Monday, June 5, 2017

Witch & Witchcraft Reading Challenge: The Hero and the Crown

"They call you Witch's Daughter - and so you are, and more."
- Agsded addressing Aerin, "The Hero and the Crown"

The Hero and the Crown by Robin McKinley is a bit of an older book (1984) and one I recall from back then.  I had read the "Blue Sword" ages ago and this was it's prequel.  I actually liked this one better, though I am re-reading Blue Sword now.
The story centers on Aerin Sol, the princess and only daughter of the King of Damar.  Aerin, also known as Aerin Fire Hair and Aerin, Lady Dragon Killer (more on that) is shy, awkward and generally clumsy.  Pretty much the archetype of what would later become a trope of female characters in "Romantic Fantasy".  This story gets a huge pass because it helped establish this trope.
In Damar all those of royal blood have a "gift" or some magical power, Aerin's doesn't appear to have manifested cause some (but not her father or her cousin Tor) to suspect she is not really of royal blood. They called Witch Woman's Daughter since the suspect the queen's second wife of being a witch.
Aerin learns to move through life trying to be unnoticed, which is hard because of her fire-red hair (she claims it is orange) and the fact she is as tall as most men.  She hides away in books, where she happens on an ointment to protect one from the fire breath of dragons.  Dragons in this book are small things and are more annoyance than a threat.  So she imparts on a career of killing dragons.  A useful task but one with no honor. It also earns her no friends in court.

In her travels and quests she learns of a "Great Dragon" whom she later kills and is nearly killed in return. Hears the summons of a "not quite mortal" mage. Recovers two lost artifacts, the aforementioned Blue Sword and the Crown of Heroes.

The book, like the Blue Sword, starts out slow. But this one builds quickly.  Of course you know that Aerin will succeed since she is legendary in Blue Sword,  but that doesn't mean things will be easy for her.  I have to admit I forgot this when I was on the part where she was laying in a river with burns covering half her body.

The book is older and for a younger audience than me. But I am reminded that we still need more Aeirn Sols (and Hermoine Grangers) and fewer Bella Swans and Anastasia Steeles.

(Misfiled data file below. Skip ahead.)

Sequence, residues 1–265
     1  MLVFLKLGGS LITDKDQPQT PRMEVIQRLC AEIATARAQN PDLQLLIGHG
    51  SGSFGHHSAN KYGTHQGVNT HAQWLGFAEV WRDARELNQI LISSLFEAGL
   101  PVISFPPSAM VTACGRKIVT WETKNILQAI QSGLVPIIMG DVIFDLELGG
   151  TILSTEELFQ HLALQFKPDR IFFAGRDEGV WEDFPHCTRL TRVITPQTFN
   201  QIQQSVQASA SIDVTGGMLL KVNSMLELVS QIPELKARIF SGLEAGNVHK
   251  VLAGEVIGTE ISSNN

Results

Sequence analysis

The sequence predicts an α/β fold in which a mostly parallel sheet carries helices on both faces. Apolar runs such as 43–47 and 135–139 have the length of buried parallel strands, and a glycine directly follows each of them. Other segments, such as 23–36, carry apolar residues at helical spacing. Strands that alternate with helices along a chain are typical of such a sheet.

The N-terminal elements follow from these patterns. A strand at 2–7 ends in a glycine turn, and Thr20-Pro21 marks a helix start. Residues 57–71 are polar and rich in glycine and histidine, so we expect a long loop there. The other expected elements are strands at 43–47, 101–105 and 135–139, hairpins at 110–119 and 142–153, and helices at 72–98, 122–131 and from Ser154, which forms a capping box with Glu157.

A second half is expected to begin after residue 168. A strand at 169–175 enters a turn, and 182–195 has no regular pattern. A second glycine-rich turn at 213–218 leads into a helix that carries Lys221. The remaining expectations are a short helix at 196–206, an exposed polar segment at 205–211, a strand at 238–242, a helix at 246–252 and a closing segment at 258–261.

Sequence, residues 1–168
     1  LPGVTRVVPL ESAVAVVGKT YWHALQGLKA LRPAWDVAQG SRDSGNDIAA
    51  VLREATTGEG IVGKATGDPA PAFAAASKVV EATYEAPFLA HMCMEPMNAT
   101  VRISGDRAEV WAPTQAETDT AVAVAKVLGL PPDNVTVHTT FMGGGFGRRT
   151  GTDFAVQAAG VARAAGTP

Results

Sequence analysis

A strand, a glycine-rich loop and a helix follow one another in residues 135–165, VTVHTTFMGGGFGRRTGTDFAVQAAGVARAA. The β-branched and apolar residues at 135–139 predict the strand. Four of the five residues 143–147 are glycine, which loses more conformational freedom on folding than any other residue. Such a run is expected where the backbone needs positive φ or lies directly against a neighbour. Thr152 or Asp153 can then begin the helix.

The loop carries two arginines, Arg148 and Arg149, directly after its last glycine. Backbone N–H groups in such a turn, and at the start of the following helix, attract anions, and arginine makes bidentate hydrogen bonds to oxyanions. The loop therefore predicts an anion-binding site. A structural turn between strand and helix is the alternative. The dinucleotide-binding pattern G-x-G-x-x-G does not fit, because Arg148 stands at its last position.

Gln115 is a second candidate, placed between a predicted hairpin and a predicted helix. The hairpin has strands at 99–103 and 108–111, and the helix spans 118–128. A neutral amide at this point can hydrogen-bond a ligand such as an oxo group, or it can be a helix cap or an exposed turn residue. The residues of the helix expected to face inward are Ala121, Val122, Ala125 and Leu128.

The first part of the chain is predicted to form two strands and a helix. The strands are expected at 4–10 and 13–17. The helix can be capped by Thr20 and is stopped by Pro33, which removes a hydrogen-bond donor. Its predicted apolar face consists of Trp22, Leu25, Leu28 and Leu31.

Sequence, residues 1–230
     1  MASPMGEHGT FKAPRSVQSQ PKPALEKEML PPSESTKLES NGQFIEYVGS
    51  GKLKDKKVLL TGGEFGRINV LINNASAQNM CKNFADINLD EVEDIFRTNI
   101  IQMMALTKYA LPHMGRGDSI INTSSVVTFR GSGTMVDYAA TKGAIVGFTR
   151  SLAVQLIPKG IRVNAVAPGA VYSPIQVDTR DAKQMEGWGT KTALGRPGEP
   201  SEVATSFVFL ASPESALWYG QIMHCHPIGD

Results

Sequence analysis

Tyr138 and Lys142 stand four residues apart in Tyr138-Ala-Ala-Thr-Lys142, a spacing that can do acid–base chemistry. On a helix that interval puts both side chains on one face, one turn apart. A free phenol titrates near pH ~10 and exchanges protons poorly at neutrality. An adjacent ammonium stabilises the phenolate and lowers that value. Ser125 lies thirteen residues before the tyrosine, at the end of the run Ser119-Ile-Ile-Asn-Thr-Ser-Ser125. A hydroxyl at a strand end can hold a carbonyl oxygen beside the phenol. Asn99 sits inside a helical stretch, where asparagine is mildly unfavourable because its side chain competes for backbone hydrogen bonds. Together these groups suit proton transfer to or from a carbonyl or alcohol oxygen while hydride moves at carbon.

Robin McKinley can be found on the web at

2017 Witches & Witchcraft Reading Challenge
2017 Witch & Witchcraft Reading Challenge
Books Read so far: 14
Level: Mother
Witches in this book: Aerin's mother. Her uncle, Agsded and maybe Aerin is a witch too. Witches seem to have red-hair in this world.
Are they Good Witches or Bad Witches: Half and half.
Best RPG to Emulate it: This one is easy. Blue Rose is the best. In fact this is one of the books most often mentioned as an inspiration for Blue Rose.
Use in WotWQ: I love the idea of historical legends being brought to life.  I might want to have the players start out by playing the Witch Queens first.


JB said...

I have blogged about McKinley's books on more than one occasion...namely that it would be decent fodder for Hollywood, if they weren't so busy recycling the same old, same old. The Blue Sword is actually on my book shelf as we speak, and I've been considering it for weeks as bedtime reading for my kids. However, their continued obsession with Nancy Drew (we're on our 6th or 7th of that series) means McKinley has yet to be opened. And I actually found The Hero and the Crown a little "dark" for their age range (3 and 6).

And speaking of films, I saw Wonder Woman this afternoon. Found it to be excellent (brought tears to my eyes).
: )

Timothy S. Brannan said...

I am re-reading Blue Sword now and flashing back to cold rainy winter days of 1982. It is a perfect bridge between the obviously children's reading fare of A Wrinkle in Time (which I should also re-read) and the Hobbit.

Wonder Woman is fantastic.